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Legal Issues When Traveling Abroad

Posted on June 12, 2012
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You’ve booked your flights, purchased travel insurance, and created an itinerary for the trip. But, have you considered the unique legal issues you can face when traveling to a foreign country?

When you are in a foreign country, you are subject to that country’s laws — which may differ vastly from those in your home country. It is important to take into account the country’s rules and regulations, customs and social etiquette, and political atmosphere.

David W. Patterson, PhD, a Criminal Justice professor and program director at South University, Richmond, offers an outline of the political, legal, and social issues one should consider when traveling abroad:

  • Political: Be aware of U.S. Department of State prohibitions about travel to some countries (ex., Cuba) and warnings about traveling to dangerous countries where the U.S. government’s ability to assist American citizens is constrained because of the closure of an embassy or consulate or because of a drawdown of its staff (ex., northern Mexico, many countries in Africa, and the Middle East).
  • Legal: Meet all requirements for entry, including passport, travel visa, inoculations, and don’t bring items that cannot be carried into the country.
  • Social: Educate yourself on cultural expectations, including dress codes and restrictions on alcohol consumption. Also, consider the social climate of countries that may be undergoing political corruption and financial turmoil.

“Planning, awareness, caution, and a state of skepticism of strangers, but with good manners, is good advice anywhere,” Patterson says.

Many of the freedoms Westerners take for granted are not universal. Freedom of speech, freedom of religion, and freedom to assemble may not apply at all in some countries.

Customs Regulations

There are rules regarding what can be brought back into the United States when returning from a trip. U.S. travelers are advised to be aware of the U.S Customs and Border Protection list of prohibited or restricted items.

Prohibited means the item is forbidden by law to enter the United States. Examples of prohibitedAirport Logo Board items are dangerous toys, automobiles that don’t protect their occupants in a crash, or illegal substances. Restricted means that special licenses or permits are required from a federal agency before the item is allowed to enter the United States. Restricted items include firearms, certain fruits and vegetables, animal products, animal byproducts, and some animals.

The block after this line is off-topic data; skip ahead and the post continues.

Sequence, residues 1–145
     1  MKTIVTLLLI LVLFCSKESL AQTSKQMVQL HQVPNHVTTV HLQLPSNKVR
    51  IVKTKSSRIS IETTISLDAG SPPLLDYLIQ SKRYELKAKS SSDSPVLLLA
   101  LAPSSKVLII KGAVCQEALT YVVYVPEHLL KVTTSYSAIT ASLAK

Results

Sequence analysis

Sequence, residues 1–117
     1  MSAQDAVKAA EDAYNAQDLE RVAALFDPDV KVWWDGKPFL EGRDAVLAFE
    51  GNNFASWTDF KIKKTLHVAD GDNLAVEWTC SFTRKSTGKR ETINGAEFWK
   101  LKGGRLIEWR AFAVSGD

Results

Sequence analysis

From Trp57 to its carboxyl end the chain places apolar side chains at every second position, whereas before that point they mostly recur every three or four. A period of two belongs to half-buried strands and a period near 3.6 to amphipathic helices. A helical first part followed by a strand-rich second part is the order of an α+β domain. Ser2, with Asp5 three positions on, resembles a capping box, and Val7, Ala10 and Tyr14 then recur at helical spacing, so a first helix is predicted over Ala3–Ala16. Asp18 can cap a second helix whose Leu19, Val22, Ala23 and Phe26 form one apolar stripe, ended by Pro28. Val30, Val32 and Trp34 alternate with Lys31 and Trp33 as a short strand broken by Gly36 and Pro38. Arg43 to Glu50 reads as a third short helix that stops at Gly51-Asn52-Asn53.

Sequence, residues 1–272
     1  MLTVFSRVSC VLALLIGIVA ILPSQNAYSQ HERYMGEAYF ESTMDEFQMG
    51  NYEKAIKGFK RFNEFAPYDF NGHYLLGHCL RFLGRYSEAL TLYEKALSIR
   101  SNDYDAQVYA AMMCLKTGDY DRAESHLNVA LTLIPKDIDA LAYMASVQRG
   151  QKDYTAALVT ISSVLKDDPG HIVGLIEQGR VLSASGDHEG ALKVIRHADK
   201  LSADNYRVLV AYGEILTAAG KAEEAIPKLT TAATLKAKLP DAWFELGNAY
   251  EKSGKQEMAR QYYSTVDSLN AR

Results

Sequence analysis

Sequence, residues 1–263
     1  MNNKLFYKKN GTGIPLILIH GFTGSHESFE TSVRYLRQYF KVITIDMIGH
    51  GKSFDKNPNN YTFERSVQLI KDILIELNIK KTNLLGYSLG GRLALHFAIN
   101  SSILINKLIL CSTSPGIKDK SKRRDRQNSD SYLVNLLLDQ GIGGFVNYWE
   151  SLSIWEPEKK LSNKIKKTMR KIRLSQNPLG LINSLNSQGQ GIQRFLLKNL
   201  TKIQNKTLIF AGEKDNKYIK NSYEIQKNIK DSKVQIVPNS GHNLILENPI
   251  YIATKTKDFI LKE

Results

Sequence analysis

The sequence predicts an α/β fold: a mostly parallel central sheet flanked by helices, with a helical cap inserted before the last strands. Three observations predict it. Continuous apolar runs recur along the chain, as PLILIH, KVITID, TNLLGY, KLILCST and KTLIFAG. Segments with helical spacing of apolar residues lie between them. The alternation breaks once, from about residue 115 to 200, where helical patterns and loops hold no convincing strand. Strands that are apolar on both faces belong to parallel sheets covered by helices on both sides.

Crime and Punishment

Many countries have extremely strict punishments for crimes considered minor in the United States. Drug convictions, even for possession of a small amount of illegal narcotics, can result in life imprisonment or the death penalty in some countries.

If arrested in a foreign country, a U.S. citizen should ask to contact the nearest American embassy or consulate. Most countries give foreign nationals the right to talk to a consular representative if arrested. Consular officers provide a wide range of services to U.S. citizens incarcerated abroad. Services vary depending on local laws and regulations, the level of local services available in the country in question, and the circumstances of the individual prisoner, according to the State Department.

“Anyone traveling abroad should always have access to the phone numbers of the U.S. Embassy in every country they pass through,” Patterson says. “They should also be in regular touch with someone in the U.S. who will be aware of their travel plans.”

Surprising Foreign Laws

According to a Budget Travel article, there are many foreign laws that can catch travelers off guard:

  • In Canada, there is a limit on how many pennies can be used at a time. The maximum number allowable per transaction is 25.
  • Medicines that can be bought without a prescription in the United States are sometimes illegal in Japan, and that includes Vicks and Sudafed products, and anything else containing pseudoephedrine.
  • Failure to flush a toilet in Singapore may result in fines.
  • In Germany, dog breeds that the government considers dangerous aren’t welcome for more than a four-week visit — and they aren’t allowed to live there at all.
  • Wearing a mask in public can lead to your arrest in Denmark.
  • In many of the major cities of the Philippines, a vehicle can only be driven on days determined by the last digits of its license plate.
  • In Finland, taxi drivers playing music in their cars are required to pay a copyright fee. Why? The music is being presented to the public.

Darice Britt

June 2012

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